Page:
4.37 Derived Stimulus Relations and Verbal Ability

Further, the ability to derive stimulus relations has been shown to correlate with verbal IQ1,2, verbal ability3,4, and academic achievement.

Subjects who completed the relational task performed significantly better on the verbal subtests (i.e., vocabulary and arithmetic) than subjects who failed to do so (O’Hora, Peláez, & Barnes-Holmes, 2005).

Derived Stimulus Relations:

Provide a model for understanding the symbolism and generativity of language

Are much easier to demonstrate with language-able humans than with non-human animals

Are correlated with verbal IQ and verbal ability

  1. O’Hora, D., Peláez, M., and Barnes-Holmes, D. (2005). Derived relational responding and performance on verbal subtests of the WAIS-IIIThe Psychological Record, 55, 155–175.
  2. O’Hora, D., Peláez, M., Barnes-Holmes, D., Rae, G., Robinson, K., and Chaudhary, T. (2008). Temporal relations and intelligence: Correlating relational performance with performance on the WAIS-IIIThe Psychological Record, 58, 569-584.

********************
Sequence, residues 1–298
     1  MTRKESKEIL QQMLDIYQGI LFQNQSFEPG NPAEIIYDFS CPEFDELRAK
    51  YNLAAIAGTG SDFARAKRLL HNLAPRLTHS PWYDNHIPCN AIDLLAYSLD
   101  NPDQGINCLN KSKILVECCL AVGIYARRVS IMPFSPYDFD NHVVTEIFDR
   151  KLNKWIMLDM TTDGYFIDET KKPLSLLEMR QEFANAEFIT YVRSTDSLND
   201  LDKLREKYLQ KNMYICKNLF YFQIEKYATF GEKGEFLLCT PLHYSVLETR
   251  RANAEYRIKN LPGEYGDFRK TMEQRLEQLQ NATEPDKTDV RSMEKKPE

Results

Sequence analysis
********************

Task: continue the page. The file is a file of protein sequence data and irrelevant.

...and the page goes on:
3. Barnes, D., McCullagh, P. D., and Keenan, M. (1990). Equivalence class formation in non-hearing impaired children and hearing impaired childrenThe Analysis of Verbal Behavior, 8, 19-30.
  4. Devany, J.M., Hayes, S.C., and Nelson, R.O. (1986). Equivalence class formation in language-able and language-disabled childrenJournal of the Experimental Analysis of Behavior, 46, 243-257.
  5. Beck, C., Garcia, Y., Brothers, L. et al. A Systematic Review of the Impact of Derived Relational Responding Technology in Raising Intelligence ScoresPsychol Rec 73, 339–361 (2023). https://doi.org/10.1007/s40732-023-00546-0
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